I’m glad this was publicized, but is there seriously no way the Church could get reparations for the defamation? I’m not looking to exact revenge; I just want other news companies to be discouraged in the future from posting disparaging comments about the Church without doing any fact-checking.
Don’t count on it. They are more likely to sue the Church for ruining a good story. Creative writers always get paid more than people who just report facts.
Just for the record, this was regarding the two AP stories earlier this month which claimed the Catholic Irish orphanage and unwed mother’s home dumped the bodies of infants, unbaptized, into a septic tank.
I’m sure we’ll be hearing about the original stories for a long time to come. The retraction admitting that the children WERE baptized, and that they have no evidence bodies were stored in a septic tank, will receive a much less widespread publication.
Here is the official AP “correction” itself:
Yeah, we still have people running a thread here in CAF praying for the babies in the septic tank. Not much chance of getting an apology for that either. :rolleyes:
I’d love to see the Church sue for defamation and libel. It’s about time.
Here are some articles from the first half of June.
Tuam mother and baby home: the trouble with the septic tank story
Why That Story About Irish Babies “Dumped In A Septic Tank” Is A Hoax
“796 Babies In A Septic Tank”: Does An Anti-Catholic Bias Help Explain This Hoax?
800 Babies in a Septic Tank? Maybe Not
I think I read about this yesterday or possibly earlier today. It is definitely good news.
The Associated Press has issued an apology for its inaccurate reporting on the fate of the Tuam babies – 796 children at a home in Ireland who were reportedly “dumped” in a septic tank after they died (an accusation that I, along with several Catholic bloggers, called into question). They were, said some commentators, victims of Church doctrine. The AP’s apology now suggests otherwise:
In stories published June 3 and June 8 about young children buried in unmarked graves after dying at a former Irish orphanage for the children of unwed mothers, The Associated Press incorrectly reported that the children had not received Roman Catholic baptisms; documents show that many children at the orphanage were baptized. The AP also incorrectly reported that Catholic teaching at the time was to deny baptism and Christian burial to the children of unwed mothers; although that may have occurred in practice at times it was not church teaching. In addition, in the June 3 story, the AP quoted a researcher who said she believed that most of the remains of children who died there were interred in a disused septic tank; the researcher has since clarified that without excavation and forensic analysis it is impossible to know how many sets of remains the tank contains, if any. The June 3 story also contained an incorrect reference to the year that the orphanage opened; it was 1925, not 1926.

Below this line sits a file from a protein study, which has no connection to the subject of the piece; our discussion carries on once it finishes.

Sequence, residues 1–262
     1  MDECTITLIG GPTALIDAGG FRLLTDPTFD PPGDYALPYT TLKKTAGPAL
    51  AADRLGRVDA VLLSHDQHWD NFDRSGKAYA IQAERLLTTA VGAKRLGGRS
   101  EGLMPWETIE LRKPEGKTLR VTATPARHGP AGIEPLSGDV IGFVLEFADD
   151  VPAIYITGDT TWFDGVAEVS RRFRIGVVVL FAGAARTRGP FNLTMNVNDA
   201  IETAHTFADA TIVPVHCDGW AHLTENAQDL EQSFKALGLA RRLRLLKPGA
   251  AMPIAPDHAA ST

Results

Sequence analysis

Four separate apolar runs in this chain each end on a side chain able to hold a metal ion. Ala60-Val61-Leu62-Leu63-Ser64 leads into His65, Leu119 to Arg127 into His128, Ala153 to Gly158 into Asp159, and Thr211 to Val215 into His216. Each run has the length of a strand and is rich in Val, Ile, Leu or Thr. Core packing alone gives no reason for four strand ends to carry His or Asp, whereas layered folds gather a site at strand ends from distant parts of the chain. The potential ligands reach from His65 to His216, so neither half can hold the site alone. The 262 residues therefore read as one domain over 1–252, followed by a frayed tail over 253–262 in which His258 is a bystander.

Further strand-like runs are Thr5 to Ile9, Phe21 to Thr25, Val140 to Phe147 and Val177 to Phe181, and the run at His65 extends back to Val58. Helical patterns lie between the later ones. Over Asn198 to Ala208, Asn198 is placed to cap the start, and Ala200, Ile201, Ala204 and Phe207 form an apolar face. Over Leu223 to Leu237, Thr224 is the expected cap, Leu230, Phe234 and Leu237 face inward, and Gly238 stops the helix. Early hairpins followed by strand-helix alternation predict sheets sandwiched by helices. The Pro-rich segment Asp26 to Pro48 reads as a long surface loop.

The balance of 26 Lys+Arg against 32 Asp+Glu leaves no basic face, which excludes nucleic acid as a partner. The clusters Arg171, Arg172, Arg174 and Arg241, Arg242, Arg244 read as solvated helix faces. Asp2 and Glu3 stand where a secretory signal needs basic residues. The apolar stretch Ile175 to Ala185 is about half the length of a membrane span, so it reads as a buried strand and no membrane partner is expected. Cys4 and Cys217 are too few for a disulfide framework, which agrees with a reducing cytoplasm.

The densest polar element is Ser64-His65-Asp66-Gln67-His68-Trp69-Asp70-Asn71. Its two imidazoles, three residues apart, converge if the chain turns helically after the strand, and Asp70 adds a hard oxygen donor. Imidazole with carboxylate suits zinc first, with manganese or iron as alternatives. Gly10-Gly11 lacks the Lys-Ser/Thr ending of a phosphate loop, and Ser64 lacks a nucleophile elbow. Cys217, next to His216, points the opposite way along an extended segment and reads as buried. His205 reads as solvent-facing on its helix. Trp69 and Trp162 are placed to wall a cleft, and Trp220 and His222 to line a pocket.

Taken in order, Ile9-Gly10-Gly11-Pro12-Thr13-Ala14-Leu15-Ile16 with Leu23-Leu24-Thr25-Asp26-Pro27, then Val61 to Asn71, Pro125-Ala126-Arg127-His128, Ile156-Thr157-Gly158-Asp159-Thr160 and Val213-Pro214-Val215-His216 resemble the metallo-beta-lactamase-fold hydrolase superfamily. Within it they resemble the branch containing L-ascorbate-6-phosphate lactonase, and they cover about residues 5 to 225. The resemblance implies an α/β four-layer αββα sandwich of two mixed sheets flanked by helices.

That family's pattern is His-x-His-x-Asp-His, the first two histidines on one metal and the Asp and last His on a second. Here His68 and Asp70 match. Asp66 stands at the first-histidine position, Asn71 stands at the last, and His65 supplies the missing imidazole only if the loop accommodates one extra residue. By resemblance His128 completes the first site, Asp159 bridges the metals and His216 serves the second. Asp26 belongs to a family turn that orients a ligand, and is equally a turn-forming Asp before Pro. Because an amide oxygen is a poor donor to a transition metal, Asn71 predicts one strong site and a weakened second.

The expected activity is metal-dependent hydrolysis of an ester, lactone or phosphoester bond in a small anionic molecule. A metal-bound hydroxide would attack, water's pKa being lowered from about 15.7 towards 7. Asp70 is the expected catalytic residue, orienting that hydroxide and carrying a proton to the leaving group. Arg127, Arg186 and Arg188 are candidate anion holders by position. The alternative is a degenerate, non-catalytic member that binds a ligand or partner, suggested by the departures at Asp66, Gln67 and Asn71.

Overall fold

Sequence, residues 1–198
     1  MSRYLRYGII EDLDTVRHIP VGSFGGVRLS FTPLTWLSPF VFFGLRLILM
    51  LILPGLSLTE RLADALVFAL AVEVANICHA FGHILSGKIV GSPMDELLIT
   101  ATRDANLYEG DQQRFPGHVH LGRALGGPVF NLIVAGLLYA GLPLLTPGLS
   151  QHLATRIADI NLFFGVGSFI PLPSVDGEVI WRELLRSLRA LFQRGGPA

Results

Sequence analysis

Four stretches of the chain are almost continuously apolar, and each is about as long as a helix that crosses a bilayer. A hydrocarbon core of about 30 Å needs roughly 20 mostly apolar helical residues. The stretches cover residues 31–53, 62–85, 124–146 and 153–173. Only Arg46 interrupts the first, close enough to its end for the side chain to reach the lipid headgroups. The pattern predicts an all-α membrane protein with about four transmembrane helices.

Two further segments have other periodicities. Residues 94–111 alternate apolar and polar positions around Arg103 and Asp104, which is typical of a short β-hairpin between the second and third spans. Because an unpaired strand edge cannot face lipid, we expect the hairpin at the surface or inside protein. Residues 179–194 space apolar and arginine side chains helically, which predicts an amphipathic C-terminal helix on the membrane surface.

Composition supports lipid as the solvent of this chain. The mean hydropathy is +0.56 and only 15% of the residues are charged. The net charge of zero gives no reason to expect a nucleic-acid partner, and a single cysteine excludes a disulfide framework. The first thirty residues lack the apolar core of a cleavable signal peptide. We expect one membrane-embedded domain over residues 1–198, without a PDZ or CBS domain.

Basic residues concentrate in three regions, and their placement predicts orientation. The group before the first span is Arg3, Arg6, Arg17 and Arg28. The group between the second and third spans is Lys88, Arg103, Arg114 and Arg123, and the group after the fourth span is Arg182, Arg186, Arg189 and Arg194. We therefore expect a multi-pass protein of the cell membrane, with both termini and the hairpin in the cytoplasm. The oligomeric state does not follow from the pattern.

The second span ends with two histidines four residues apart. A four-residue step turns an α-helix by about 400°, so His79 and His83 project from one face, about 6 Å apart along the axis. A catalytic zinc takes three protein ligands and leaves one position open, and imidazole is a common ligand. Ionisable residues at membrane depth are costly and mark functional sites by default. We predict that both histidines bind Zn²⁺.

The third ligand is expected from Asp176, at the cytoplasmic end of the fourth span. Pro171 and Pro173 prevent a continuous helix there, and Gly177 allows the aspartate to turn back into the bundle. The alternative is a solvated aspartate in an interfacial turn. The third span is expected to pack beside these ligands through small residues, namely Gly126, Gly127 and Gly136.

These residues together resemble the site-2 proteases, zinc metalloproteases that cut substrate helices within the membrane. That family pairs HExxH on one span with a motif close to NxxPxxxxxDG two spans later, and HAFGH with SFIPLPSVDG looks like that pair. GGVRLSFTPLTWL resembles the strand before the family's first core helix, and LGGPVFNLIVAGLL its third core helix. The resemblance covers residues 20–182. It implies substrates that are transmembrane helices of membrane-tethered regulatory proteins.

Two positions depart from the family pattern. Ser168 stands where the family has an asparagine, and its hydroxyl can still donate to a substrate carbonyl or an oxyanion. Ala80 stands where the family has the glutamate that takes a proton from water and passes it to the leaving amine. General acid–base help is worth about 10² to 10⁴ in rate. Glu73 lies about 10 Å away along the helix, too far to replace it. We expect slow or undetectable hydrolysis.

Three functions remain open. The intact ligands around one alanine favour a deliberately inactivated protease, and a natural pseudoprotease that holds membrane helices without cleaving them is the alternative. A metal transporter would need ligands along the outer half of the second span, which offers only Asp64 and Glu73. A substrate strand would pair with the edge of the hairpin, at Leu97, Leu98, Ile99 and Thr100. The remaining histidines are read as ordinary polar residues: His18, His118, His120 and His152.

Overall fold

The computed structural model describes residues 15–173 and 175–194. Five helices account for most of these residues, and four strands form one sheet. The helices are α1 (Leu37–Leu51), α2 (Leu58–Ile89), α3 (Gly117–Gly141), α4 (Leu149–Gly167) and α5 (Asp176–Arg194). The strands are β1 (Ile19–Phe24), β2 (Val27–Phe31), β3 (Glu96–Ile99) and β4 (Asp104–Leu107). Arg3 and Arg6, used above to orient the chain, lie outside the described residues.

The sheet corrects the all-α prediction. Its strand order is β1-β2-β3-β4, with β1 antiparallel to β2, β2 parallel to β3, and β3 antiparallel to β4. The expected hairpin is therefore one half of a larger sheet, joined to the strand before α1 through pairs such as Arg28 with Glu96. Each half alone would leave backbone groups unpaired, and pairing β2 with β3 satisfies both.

Too little, too late. The damage has been done to the Church and the reputation of the sisters at the convent. :mad:
Shame on the press for not fact checking.
I knew from the beginning this was another vicious attack on the Church.
They never say anything nice about it, yet falsely accuse it.
I wonder why they don’t mention how Catholic Charities are far the largest in the world.
I wonder why they don’t mention the vast number of convents who are out in the slums helping the sick and the poor.
And I understand it wasn’t even a septic tank but a kind of burial not used in Ireland any more, but is in other parts of the world.That also could have been realized if any fact checking at all had been done.
796 babies over 36 years. That’s an average of 22 a year, or one every 2.5 weeks, although I’m sure there were weeks when several died of a contagious disease followed by months when none died.
Causes of death varied: tuberculosis, convulsions, measles, whooping cough, influenza, bronchitis and meningitis, among other illnesses. Notably absent from the causes of death: starvation, abuse, injury.
If this story had been about a secular society, someone would probably be threatening to sue the reporter for defamation.
The Church will forgive, as should we. No need to sue or to seek revenge.
I’m afraid it did happen.
Was there any wrongdoing? That’s the question.
When this retraction was on Yahoo News, you think that would have ended the topic. But nooo, you should read the comments: “I don’t care! Those nuns are murderers!” “They’re still guilty, I don’t care what anyone says!” “The Catholic Church must have paid AP off!”
Once Pandora’s box is open, it’s hard to close it. It just shows how much hate there is against the Church. I wouldn’t be surprised if Catholics start getting shot at. The hate is rampant.
“If the world hates you, you know that it has hated Me before it hated you. If you were of the world, the world would love its own; but because you are not of the world, but I chose you out of the world, because of this the world hates you.”
We are only responsible to Christ, not this world that is evermore falling into the abyss of sin.
“What” did happen?
The AP still has not retracted the main lie of this story - that the remains of 800 children were discovered in a septic tank or mass grave - and the main slanderous implication - that the nuns neglected the children. The only thing that the historian Catherine Corless found are the death records of 796 children. She did not discover any remains of the children. And she denied that she ever said that the children were dumped in a septic tank. The AP shifts the responsibility for that claim onto the historian by saying that she initially made that claim,but she did not. So they are still lying about this story.